῎Ανεσις better rendered “relaxation” or “indulgence” (R.V.) than “liberty” (A.V.). Meyer understands by this that he was to be allowed rest, “to be spared all annoyance.” Others (DeWette, Lange) suppose ἄνεσις to refer to release from chains, the so-called custodia libera of the Romans in which the prisoner went free on bail or upon the responsibility of some magistrate. This view is, however, inconsistent with the fact that Felix committed Paul to the keeping of a centurion (Acts 24.23) as well as with his leaving Paul bound (Acts 24.27). The custody was doubtless the custodia militaris and ἄνεσις denotes the relaxation of the rigors of his imprisonment.—G.B.S.i:1126
Pauls reasoning “concerning righteousness” was directed against the well-known injustice of a prince of whom Tacitus says that he acted as if there were no penalty for villainy. His reasoning “concerning self-control” (ἐκρατεία) was in opposition to his sensuality. He had unlawfully married Drusilla who was the wife of Azizus, the king of Emesa (Jos. Ant. xx. 7, 2). His references to the judgment to come might well have been directed against the governors murder of Jonathan, the high priest.—G.B.S.i:1127
This formula is placed by C and mod. text just before the text “Go thy way,” etc., Acts 24.25, as if what is said of the wife also hearing, etc., related to the hearing before Agrippa and his wife Bernice.i:1128
Mod. text “And having gone down in Cæsarea, he spends ten days.” Which is evidently false, but so Edd. have it.—ὥστε ἐγγενέσθαι, seemingly, “to give them an opportunity of buying him.” Ben., ut prostaret eis qui vellent ipsum corrumpere.i:1129
τὸ, “φυλάττεσθαι;” this seems to refer to Acts 23.35: in Acts 25.4, the expression is τηρεῖσθαι. Perhaps Chrys. said, “He was safe in custody, for Felix had ordered him φυλάττεσθαι, and there he was still. Then what needs this fresh order that he should τηρεῖσθαι? He is not attempting to escape, is he? It shows the spirit of the governor: we have him safe; come down and accuse him.”i:1130
ἐπειδὴ ἦν καὶ ἡ ἀπόφασις. Mod. text and Sav. omit the καὶ, Ben. ἐπειδὴ εἰ ἦν ἀπόφασις, with no authority of mss. We have marked the clause as corrupt. Possibly, καλὴ πρόφασις is latent in the words, with the sense “since some handsome pretext was necessary” (or the like): or, perhaps, ἐπειδὴ Καί[σαρος] ἦν ἡ ἀπόφασις, as comment upon the clause, ᾽Επὶ τοῦ βήματος Καίσαρος ἑστώς εἰμι.i:1131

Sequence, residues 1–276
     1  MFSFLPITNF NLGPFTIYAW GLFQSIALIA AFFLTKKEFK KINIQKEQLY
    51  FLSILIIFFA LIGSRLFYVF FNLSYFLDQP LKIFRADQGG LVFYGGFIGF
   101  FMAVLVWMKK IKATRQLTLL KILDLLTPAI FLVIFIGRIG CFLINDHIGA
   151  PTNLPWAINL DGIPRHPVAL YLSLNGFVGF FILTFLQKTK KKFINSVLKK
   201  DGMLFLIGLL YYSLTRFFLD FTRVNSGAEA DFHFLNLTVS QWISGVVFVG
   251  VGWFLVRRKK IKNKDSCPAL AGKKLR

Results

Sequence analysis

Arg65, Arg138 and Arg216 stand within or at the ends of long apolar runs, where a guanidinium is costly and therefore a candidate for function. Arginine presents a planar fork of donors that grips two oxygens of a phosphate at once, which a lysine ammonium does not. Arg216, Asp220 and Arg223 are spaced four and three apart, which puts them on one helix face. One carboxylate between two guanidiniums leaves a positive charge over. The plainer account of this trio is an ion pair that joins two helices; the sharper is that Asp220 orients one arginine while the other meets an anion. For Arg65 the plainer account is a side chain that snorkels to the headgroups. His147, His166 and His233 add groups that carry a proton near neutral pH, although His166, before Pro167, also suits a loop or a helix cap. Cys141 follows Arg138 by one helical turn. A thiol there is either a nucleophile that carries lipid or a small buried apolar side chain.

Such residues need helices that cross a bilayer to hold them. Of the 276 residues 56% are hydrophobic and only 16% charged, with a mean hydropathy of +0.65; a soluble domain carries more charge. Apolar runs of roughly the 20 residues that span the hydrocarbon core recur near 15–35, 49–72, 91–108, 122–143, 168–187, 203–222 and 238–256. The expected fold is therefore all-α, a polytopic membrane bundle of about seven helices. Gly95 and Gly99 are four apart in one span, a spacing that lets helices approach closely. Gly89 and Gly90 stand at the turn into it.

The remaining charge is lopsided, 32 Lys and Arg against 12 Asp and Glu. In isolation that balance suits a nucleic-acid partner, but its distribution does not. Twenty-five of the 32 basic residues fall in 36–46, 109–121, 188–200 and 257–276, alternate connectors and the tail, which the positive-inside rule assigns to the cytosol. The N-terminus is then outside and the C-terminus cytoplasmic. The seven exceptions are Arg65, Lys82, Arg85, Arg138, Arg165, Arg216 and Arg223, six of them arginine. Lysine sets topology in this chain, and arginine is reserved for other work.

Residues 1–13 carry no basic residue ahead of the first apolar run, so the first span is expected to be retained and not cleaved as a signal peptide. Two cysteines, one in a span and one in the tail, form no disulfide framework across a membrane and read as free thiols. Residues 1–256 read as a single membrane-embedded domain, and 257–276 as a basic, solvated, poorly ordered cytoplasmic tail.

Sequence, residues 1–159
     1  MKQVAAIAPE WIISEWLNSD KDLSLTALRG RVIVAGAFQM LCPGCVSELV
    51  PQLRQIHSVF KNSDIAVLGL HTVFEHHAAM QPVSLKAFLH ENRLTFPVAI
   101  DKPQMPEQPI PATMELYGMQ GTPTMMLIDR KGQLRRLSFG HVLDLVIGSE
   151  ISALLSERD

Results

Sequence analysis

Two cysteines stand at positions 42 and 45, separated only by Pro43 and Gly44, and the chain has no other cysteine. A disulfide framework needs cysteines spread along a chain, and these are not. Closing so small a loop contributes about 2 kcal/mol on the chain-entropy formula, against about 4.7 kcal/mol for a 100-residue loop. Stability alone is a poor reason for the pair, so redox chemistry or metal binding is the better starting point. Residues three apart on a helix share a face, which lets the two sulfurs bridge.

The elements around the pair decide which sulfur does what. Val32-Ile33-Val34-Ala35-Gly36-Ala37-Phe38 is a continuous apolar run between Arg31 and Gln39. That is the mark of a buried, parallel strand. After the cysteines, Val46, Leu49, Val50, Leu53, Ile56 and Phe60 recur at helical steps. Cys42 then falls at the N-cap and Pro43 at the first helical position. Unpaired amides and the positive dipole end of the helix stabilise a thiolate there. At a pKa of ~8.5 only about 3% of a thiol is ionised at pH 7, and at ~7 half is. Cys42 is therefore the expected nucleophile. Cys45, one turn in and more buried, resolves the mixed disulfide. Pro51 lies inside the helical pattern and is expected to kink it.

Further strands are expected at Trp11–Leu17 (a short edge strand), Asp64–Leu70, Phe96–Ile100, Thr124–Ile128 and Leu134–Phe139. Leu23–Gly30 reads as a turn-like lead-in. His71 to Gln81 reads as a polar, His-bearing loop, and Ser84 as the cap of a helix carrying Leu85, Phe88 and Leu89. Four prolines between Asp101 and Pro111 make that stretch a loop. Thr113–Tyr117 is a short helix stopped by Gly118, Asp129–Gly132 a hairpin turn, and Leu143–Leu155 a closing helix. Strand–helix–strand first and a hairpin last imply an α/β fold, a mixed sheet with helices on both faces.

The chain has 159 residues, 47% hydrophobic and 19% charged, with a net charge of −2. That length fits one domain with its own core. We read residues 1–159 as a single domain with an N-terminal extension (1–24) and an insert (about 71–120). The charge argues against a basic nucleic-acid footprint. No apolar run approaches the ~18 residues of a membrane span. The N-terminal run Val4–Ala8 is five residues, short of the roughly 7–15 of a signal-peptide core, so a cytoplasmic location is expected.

εἰς τὰ ᾽Ιεροσόλυμα all our mss., and so Edd. without remark. Yet the sense plainly requires εἰς ῾Ρώμην, and in fact the Catena has preserved the true reading. In the next sentence, he seems to be commenting upon the πλείους ἡμέρας of Acts 25.14 to this effect: “See how his cause is lengthened out by all these delays: the time (ten days) of Festus stay at Jerusalem; then the second hearing; now again, πλείους ἡμέρας: but for all this, his enemies are not able to effect their design.i:1132
Alluding to Acts 25:26, 27 (which mod. text inserts here): i.e. “to this same effect Festus also writes, in his report to the Emperor.”i:1133
For καὶ οἱ χαριζόμενοι αὐτοῖς, mss. and Edd. we restore from the Catena καίτοι χαριζόμενος αὐτοῖς.i:1134
᾽Αλλὰ καὶ ἕτερον· ἀλλ᾽ οὐδὲν ἀξιόπιστον· μᾶλλον δὲ οὐδὲ μικρόν, ἀλλὰ καὶ ὠφλεῖ. So B. C.; in A. all this is omitted, Mod. text—“incalculable mischief, but little to another, or rather not even a little does it hurt, nay even benefits. But I have said nothing worthy of belief ἀλλ᾽ οὐδὲν ἀξιόπιστον εἴρηκα. Well then, let there be,” etc.i:1135
χρήματα ἔχων ὀλίγα καὶ τῆς ἀναγκαίας εὐπορῶν τροφῆς, ἕτερος δὲ πλούσιος καὶ εὔπορος. So the mss. and Edd. without comment. We assume it to be ἀπορῶν.i:1136
᾽Αλλὰ τὸ σπάνιον ἀεὶ τοιοῦτον. One would expect ᾽Αλλὰ σπάνιον ἀεὶ τὸ τοιοῦτον.—Mod. text adds, καὶ ὀλίγοι οἱ καλοί.i:1137
καὶ ποδαλγία; οὐχὶ ἑαυτὸν συνδιέφθειρε μετ᾽ ἐκείνου;ἡ χολὴ πάλιν εὐρυχωρίαν ζητείτω. Mod. text “is not this dropsy? μετ᾽ ἐκείνου ἡ χολὴ κ. τ. λ. and below ἐὰν ὑπερβῇ τὸ μέτρον, οὐχὶ ἑαυτὸν συνδιέφθειρε; οὕτω καὶ ἡ τροφή. adding, “if it be taken beyond what can be digested, it involves the body in diseases. For whence comes the gout? whence the paralyzing and commotion of the body? Is it not from the immediate quantity of aliments? Again in the body,” etc.